Delivery agents, LPG workers in TN battle summer's fury without respite

Food delivery agents work in blistering heat for modest income, LPG delivery personnel say they manage with occasional tips from clients
A gas delivery man washes the sweat from his face.
A gas delivery man washes the sweat from his face.(Photo | Ashwin Prasath, EPS)

CHENNAI: This summer, food delivery agents said they wish they could be anywhere other than on the streets, sweating under their helmets and perpetually thirsty. However, they have no such luck. It is important that they take orders from 11 am to 3 pm every day to claim their daily incentive. They usually get a small additional wage for deliveries during rain, but receive no bonuses in summer, they said.

42-year-old Ponraj (name changed) , a food delivery agent in Ambattur, said, “There are some big apartments like the one on Maduravoyal service road which do not allow our bikes enter their premises. We are forced to walk at least a kilometre to the blocks mentioned in the address under this sun. We have fought against these apartment policies several times, but in vain. They ask us to go on foot for the fear of the delivery agents causing accidents. The practice is discriminatory because they allow all other vehicles inside.”

Das (name changed), another food delivery agent, said they are allocated waiting spaces near kitchens in restaurants, adding to the summer heat. Some persons rue that they get as low as Rs 30 for covering a distance of about 10 km. M Subhash (38) from Kumarapalayam in Salem said there was a recent policy change where rejecting two orders results in reduced incentives during peak hours (8 am to 1 pm), further exacerbating financial strain. “With 12-hour shifts under the scorching sun, I struggle to meet a modest income target of Rs 35,000 a month. My only motivation is to support my younger sister, who is pursuing engineering at VIT, Vellore,” Subhash said.

There are instances when customers suddenly change delivery location, which is a few km away, say workers.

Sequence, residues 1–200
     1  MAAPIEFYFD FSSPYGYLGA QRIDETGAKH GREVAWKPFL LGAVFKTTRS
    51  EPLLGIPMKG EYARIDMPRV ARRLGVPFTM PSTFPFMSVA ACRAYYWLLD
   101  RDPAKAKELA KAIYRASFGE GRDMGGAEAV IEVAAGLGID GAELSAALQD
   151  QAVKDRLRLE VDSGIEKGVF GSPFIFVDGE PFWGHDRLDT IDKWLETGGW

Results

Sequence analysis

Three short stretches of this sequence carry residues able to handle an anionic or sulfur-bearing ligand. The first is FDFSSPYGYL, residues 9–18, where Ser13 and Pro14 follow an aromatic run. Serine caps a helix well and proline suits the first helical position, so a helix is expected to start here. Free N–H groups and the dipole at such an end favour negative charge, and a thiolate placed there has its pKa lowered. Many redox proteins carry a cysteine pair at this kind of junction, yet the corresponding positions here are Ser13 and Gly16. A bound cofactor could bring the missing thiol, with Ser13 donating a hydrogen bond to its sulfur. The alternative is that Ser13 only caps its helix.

There are instances when customers suddenly change delivery location, which is a few km away, say workers.(Photo | Ashwin Prasath)

While the heat wave in Virudhunagar is intense this summer, 50-year-old R Rajamanickam said his firm has permitted delivery persons to reject one order per day. “While we toil hard under the blazing sun to meet the expenses of our family, there are instances when customers specify a location for delivery and later request us to deliver in another location, which is a few kilometres away. Some people don’t pay extra and some give us a meagre amount of Rs 5 and even Rs 1,” said Rajamanickam.

People handling LPG cylinders also shared the woes of food delivery agents in working in harsh summer.

In the midst of a scorching summer in Vellore, K Paramasivam (52) traverses the streets of Sathuvachari barefoot, tirelessly delivering gas cylinders to the surrounding area. He works from 9 am to 5 pm and carries a maximum of three cylinders on his cycle with each cylinder weighing around 30 kg. Bathed in sweat, Paramasivam remains undeterred, to ensure people can cook their next meal without any LPG shortage.

“The heat makes our work riskier. We get tired fast and also find our body odour rising. Our work requires strong determination. Every day, we are swimming upstream against the intense heat with unwavering resolve. Thanks to our customers, we are offered water or buttermilk during deliveries.”

P Murali (56), another gas delivery man, said, “During summer, I make sure to wear a cap and normal cotton dresses rather than the uniform. Despite such measures, we feel drained after a few hours of work. Since the onset of summer, I’ve found myself drinking water at least three times more than I do in the winter. Even the water we get from houses is warm during summer. With the small tips ranging from Rs 20-Rs 30 from some customers offer, we buy ourselves some refreshments to beat the heat. I often try to complete my deliveries by noon, take a break and resume work after 3 pm.”

Selvam I, a cooking gas delivery worker in Somarasampettai, said, “Touching cylinders exposed to heat is like touching hot metal rods. Therefore, some of us cover our hands with cloth while handling cylinders. But, most of the time, we have to ignore the heat from the cylinder ring and deliver it to the client’s doorstep or inside the house. We would get blisters on our palms. Over the days, our hands have got used to this. Some clients give us tips, considering our situation, but not all.”

R Sudalai Kumar, of Mettukadai in Erode, who delivers water cans, said, “I have been supplying water cans to households and business establishments for the past 13 years. Due to the intense heat this year, the demand for cans has increased. I used to distribute up to 220 cans every day before the summer season. It has now increased to 350 cans a day.”

(Inputs from Jose K Joseph, Praveena SA, Shakthivel K, P Srinivasan, Harini M, Sivaguru S, Nirupama Viswanathan)

(In this series, TNIE looks at the condition of workers toiling under the sun)

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